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Valerio v. New York State Division of Parole

NEW YORK SUPREME COURT, APPELLATE DIVISION, THIRD DEPARTMENT


February 11, 2009

IN THE MATTER OF VICTOR VALERIO, APPELLANT,
v.
NEW YORK STATE DIVISION OF PAROLE, RESPONDENT.

Published by New York State Law Reporting Bureau pursuant to Judiciary Law § 431.

This opinion is uncorrected and subject to revision before publication in the Official Reports.

Calendar Date: December 18, 2008

Before: Rose, J.P., Kane, Malone Jr., Kavanagh and Stein, JJ.

MEMORANDUM AND ORDER

Appeal from a judgment of the Supreme Court (Cahill, J.), entered May 22, 2008 in Albany County, which dismissed petitioner's application, in a proceeding pursuant to CPLR article 78, to review a determination of the Board of Parole denying petitioner's request for parole release.

While under probation supervision stemming from his prior conviction for criminal possession of a weapon in the third degree, petitioner stole a motor vehicle at gunpoint and then robbed one toll both and attempted to rob another. As a result, petitioner pleaded guilty to robbery in the first degree (two counts), attempted robbery in the first degree and criminal possession of a weapon in the third degree. Petitioner was sentenced to an aggregate term of imprisonment of 11 to 24 years. In April 2007, petitioner made his second appearance before the Board of Parole seeking release to parole supervision. The Board denied his request and ordered that he be held an additional 24 months. When petitioner did not receive a response to his ensuing administrative appeal, he commenced this CPLR article 78 proceeding challenging the denial of his request for parole release. Following joinder of issue, Supreme Court dismissed the petition. Petitioner now appeals.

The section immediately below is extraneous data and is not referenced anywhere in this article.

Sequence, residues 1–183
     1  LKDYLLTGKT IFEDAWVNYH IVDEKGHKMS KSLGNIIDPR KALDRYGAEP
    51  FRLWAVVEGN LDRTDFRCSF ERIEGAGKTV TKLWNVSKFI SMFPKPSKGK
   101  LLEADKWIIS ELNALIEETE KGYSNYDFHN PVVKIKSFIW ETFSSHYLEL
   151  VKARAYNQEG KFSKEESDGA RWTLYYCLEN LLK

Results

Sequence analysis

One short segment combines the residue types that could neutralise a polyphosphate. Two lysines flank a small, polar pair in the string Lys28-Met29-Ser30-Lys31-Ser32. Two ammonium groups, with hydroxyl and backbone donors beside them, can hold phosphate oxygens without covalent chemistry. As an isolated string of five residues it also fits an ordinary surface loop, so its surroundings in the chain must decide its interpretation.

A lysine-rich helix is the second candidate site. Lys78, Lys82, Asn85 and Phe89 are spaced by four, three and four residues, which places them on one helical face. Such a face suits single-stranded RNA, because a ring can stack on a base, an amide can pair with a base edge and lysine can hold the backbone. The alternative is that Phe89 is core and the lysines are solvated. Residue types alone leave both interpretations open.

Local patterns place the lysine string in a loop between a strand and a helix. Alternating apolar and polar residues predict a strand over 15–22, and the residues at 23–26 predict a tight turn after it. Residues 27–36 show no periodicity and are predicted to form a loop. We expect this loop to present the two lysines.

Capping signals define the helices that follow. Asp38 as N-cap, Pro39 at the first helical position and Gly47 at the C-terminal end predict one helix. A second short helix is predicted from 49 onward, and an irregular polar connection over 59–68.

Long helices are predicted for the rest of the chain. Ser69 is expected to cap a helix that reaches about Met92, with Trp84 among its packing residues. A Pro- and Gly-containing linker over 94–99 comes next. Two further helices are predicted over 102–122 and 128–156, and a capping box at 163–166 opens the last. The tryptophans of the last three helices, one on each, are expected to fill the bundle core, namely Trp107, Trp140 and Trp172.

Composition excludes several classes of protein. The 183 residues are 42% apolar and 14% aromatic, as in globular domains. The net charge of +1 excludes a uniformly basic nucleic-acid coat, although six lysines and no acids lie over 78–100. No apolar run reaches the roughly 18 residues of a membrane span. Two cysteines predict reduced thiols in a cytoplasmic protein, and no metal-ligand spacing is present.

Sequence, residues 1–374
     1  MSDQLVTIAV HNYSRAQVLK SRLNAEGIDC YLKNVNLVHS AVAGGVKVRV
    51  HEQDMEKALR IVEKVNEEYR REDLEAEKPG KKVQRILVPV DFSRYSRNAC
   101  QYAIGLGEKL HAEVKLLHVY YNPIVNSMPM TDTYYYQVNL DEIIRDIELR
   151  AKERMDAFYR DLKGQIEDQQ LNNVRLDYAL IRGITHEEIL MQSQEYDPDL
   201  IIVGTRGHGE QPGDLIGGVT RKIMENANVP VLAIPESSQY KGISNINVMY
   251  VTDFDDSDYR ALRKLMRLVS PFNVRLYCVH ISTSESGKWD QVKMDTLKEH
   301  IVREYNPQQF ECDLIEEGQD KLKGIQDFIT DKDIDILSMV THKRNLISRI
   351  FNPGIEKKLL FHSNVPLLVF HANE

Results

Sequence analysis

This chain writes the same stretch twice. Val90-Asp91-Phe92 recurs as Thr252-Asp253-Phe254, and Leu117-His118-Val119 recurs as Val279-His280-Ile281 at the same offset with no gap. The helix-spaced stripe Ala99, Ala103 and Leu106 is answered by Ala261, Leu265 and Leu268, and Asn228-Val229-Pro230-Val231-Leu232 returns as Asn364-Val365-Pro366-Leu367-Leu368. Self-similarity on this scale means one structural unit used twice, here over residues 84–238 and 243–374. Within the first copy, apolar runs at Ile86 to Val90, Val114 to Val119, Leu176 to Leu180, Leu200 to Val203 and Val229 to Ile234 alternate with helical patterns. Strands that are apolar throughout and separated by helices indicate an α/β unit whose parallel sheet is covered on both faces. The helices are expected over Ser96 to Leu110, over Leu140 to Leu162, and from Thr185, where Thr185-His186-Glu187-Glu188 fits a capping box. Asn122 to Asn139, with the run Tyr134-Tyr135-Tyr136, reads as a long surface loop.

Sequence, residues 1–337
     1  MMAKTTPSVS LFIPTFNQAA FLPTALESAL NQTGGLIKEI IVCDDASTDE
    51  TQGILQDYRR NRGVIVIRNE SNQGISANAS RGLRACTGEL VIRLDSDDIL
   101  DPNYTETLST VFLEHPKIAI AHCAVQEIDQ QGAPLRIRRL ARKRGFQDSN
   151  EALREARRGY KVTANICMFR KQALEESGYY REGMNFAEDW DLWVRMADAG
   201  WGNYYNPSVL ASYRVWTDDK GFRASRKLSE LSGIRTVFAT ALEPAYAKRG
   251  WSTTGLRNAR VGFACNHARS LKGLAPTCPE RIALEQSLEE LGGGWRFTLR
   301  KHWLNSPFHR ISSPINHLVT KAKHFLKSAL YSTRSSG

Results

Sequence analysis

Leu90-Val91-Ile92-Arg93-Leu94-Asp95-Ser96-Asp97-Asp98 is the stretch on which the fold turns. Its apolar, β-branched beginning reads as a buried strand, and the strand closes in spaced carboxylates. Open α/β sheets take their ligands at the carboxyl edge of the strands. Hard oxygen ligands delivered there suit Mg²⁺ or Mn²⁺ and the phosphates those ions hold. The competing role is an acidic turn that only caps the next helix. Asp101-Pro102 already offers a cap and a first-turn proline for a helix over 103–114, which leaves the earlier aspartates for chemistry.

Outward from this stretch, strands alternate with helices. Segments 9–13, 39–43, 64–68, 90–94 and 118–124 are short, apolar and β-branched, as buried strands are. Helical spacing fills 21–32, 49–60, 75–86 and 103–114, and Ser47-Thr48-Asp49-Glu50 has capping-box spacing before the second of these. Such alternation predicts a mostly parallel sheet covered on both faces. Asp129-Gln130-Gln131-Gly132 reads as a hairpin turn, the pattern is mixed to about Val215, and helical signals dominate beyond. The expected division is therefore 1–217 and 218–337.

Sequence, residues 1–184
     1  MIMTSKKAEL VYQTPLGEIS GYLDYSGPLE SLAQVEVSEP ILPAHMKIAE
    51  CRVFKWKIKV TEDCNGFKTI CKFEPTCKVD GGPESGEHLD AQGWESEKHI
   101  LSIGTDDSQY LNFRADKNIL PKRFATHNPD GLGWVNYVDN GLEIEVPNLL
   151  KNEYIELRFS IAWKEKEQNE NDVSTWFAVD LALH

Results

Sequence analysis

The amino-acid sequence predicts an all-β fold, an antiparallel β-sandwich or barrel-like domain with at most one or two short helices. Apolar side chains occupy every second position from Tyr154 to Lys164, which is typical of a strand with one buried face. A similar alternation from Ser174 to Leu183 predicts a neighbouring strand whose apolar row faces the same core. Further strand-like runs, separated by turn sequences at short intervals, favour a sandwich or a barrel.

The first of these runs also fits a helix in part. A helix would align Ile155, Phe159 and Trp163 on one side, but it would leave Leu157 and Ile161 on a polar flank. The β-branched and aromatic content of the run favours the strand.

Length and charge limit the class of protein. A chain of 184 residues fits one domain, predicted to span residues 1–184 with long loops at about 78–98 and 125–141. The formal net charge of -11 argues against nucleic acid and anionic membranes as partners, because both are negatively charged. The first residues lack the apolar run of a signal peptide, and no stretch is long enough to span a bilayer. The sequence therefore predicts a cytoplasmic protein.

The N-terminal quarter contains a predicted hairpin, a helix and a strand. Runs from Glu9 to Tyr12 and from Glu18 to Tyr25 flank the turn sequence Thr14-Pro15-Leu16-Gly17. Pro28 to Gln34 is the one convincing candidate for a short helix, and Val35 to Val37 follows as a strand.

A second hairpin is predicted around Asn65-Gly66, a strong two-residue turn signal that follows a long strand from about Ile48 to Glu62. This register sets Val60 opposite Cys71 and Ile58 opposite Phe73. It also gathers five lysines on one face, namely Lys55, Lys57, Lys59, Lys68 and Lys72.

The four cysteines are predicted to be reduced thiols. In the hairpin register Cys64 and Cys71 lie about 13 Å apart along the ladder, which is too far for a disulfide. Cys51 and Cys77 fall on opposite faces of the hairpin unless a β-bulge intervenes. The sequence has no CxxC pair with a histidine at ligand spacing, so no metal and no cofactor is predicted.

We affirm. In denying petitioner parole release, the Board considered the pertinent statutory factors set forth in Executive Law § 259-i, including the nature of petitioner's crimes and his prior criminal history, along with his prison disciplinary record, program achievements and postrelease plans (see Matter of MacKenzie v Dennison, 55 AD3d 1092, 1092 [2008]). Regarding petitioner's claim that the Board improperly failed to consider his sentencing minutes in rendering its decision, any failure in this regard was harmless inasmuch as the sentencing court made no parole recommendations (see Matter of Motti v Alexander, 54 AD3d 1114, 1115 [2008]). Accordingly, given that the Board's decision does not exhibit "'irrationality bordering on impropriety'" (Matter of Silmon v Travis, 95 NY2d 470, 476 [2000], quoting Matter of Russo v New York State Bd. of Parole, 50 NY2d 69, 77 [1980]), we find no reason to disturb it.

Petitioner's remaining contentions, to the extent not specifically addressed herein, have been examined and found to be unavailing.

Rose, J.P., Kane, Malone Jr., Kavanagh and Stein, JJ., concur.

ORDERED that the judgment is affirmed, without costs.

20090211

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